A Pipe Dream

The Tannenberg organ stands partially assembled in the Taylor and Boody Organbuilders shop in Staunton, Va. Tuesday, Jan. 6, 2004. AP/THE NEWS LEADER

For historian Barbara Owen and others who love the pipe organ, the 1800 Tannenberg organ for the Moravian Home Church of Salem, North Carolina is the holy grail.

"It's the oldest two manual, that's two keyboards, and the largest surviving organ from any 18th century American builder," says Owen.

And it wasn't built by just any builder. The historic organ was constructed by David Tannenberg -- the American who is to organs what the Stradivarius label is to violins.

For more than a century, the Tannenberg organ was a beloved member of the congregation. They even held a party to celebrate its centennial.

But a decade later, when it began to falter, the Tannenberg was retired. The passing was noted in the church's diary: "June 24, 1910. The old organ, which for more than a century has done such splendid service, was removed today..."

"If the Moravians hadn't been such a bunch of pack rats and put things in attics, you know we would never have this wonderful organ," says Barbara Owen. "Many organs from that period are simply gone."

Then again, the organ had a guardian angel.

Paula Locklair works for Old Salem, a historic restoration of 18th century Salem, North Carolina. The village was already blessed with a smaller Tannenberg on display, but the 1800 two-keyboard -- stored in pieces around town -- was legendary.

"It was a big financial commitment for Old Salem to raise the money to restore the organ," recalls Locklair. "Not just restore it, but supply a place for it."

The restoration would cost $600,000 and the new auditorium to house the organ cost another $3 million. But money alone couldn't buy the exacting research required. Poring over the minutiae would be a labor of love.

George Taylor and organ builder John Boody of Staunton, Virginia won the commission.

"We're trying to save every bit of the original voicing of the organ," says Taylor.

They'd restored a Tannenberg in the past and that knowledge came in handy to re-assemble the 1800 Tannenberg.

"There is no living person that has ever seen this organ assembled," says John Boody. "We have to kind of find our way as we're doing the restoration.

"The original keyboards of this organ were lost, and we have to recreate these keys."

All but 17 of the organ's original 644 pipes had survived. The first hurdle was straightening out damage done by some long-ago Boy Scouts who apparently had a field day squashing them.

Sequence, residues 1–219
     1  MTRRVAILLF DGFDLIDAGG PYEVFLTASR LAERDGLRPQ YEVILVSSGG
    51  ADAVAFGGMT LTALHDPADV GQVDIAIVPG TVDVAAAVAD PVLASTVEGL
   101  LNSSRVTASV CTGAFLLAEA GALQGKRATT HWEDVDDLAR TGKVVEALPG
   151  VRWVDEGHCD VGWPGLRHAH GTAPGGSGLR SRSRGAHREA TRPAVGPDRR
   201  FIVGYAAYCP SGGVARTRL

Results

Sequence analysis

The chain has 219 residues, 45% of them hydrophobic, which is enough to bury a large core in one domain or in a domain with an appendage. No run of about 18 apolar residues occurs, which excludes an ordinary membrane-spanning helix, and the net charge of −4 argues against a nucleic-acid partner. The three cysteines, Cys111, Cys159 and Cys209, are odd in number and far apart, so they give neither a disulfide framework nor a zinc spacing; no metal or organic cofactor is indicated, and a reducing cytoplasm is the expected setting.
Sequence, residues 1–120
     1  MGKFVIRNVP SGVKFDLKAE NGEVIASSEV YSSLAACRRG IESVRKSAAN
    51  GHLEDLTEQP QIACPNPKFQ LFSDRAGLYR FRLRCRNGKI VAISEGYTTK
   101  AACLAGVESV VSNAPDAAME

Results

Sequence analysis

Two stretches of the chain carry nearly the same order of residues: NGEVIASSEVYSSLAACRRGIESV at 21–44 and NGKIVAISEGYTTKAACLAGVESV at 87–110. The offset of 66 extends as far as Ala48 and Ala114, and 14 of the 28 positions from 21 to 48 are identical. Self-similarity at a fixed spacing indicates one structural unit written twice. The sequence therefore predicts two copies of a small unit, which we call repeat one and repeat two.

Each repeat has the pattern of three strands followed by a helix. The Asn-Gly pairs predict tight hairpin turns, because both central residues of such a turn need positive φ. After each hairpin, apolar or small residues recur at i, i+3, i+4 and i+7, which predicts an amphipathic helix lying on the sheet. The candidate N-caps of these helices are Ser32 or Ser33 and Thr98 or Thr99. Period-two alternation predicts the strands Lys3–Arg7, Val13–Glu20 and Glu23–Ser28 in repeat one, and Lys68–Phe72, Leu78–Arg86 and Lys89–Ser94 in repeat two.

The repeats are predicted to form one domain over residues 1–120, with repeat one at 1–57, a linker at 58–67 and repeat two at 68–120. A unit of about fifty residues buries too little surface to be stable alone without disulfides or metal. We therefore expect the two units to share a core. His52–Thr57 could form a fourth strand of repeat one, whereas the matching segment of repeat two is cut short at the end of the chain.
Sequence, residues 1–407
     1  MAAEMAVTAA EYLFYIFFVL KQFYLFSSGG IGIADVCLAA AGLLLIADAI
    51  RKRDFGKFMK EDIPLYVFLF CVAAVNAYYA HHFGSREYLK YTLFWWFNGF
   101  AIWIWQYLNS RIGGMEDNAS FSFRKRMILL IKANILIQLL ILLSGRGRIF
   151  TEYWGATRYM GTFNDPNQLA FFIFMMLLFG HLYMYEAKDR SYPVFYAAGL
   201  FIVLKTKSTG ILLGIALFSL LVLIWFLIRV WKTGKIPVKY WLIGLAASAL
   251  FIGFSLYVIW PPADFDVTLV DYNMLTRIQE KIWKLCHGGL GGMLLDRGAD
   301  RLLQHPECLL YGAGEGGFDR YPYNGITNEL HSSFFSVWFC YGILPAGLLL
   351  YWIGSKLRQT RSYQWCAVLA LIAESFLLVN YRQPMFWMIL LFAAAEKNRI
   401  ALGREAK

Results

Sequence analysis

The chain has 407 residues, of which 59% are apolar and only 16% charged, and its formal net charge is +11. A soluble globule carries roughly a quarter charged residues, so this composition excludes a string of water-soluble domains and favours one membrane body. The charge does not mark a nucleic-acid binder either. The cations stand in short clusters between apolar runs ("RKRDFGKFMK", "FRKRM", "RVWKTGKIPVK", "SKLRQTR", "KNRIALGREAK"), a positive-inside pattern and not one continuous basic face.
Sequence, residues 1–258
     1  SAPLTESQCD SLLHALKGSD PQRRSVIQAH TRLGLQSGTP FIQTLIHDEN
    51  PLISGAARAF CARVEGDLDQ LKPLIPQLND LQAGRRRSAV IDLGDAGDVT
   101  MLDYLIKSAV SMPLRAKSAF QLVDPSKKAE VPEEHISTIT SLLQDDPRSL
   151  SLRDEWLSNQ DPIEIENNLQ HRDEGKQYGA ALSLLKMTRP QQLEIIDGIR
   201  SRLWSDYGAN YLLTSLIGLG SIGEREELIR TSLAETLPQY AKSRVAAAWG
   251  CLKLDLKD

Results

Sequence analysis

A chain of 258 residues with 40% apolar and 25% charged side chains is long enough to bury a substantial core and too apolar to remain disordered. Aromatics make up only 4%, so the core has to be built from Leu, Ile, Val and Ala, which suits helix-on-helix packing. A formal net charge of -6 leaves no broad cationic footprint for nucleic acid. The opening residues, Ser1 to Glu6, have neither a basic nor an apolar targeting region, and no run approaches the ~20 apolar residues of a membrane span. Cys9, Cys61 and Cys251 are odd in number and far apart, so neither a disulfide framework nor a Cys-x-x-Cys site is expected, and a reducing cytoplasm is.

Next, they reversed an alteration – all the pipes were cut short -- that raised the organ's pitch in the 1840s.

To get back the authentic Tannenberg sound, each pipe had to be painstakingly lengthened.

"We're trying to recreate an ancient alloy, so we've analyzed very old organ pipes," says Boody.

That required creating historically accurate sheet metal in the Taylor and Boody workshop.

"It's been quite an experience learning a different type of voicing from the old pipes," says Taylor. "It's like having a new teacher."

Since the 1800 is a mechanical organ, pressing a key involves many pieces. Each element had to be meticulously repaired. As a wind instrument, no sound could be made with wheezy lungs.

Unhinging the creaky old bellows was like opening a time capsule. Tannenberg had used whatever paper was at hand for the lining: sermons, pages from Catechisms, newspapers such as a notice from then-president John Adams.
"[The papers] had been out of the light for 200 years," says Taylor.

Elsewhere, a note about an earlier repair was found.

"It says, 'Re-leathered: April 10,1885,'" recalls Taylor.

Also, the old organ held mementos from other folks who wanted to be remembered.

After working for more than a year, the restoration team finished. The 1800 Tannenberg was moved back down to its home in North Carolina.

For the world of historic organs, the restoration of the 1800 Tannenberg was a milestone. Hundreds of aficionados congregated in Old Salem to celebrate.
Peter Sykes a virtuoso of old music, went to play at the rededication ceremony.

"Some of the pipes take a tremendously long time to bloom," says Sykes. "You can't play very fast and it makes the player slow down and listen."

Like proud parents at a graduation, the organ builders took turns pumping the bellows -- breathing life into the organ as they sent it off into a new life.

"No matter how smooth an electric machine is, it's not quite the same as making the organ breath itself," says Boody.

It was a glorious sound from the past.
  • Rome Neal

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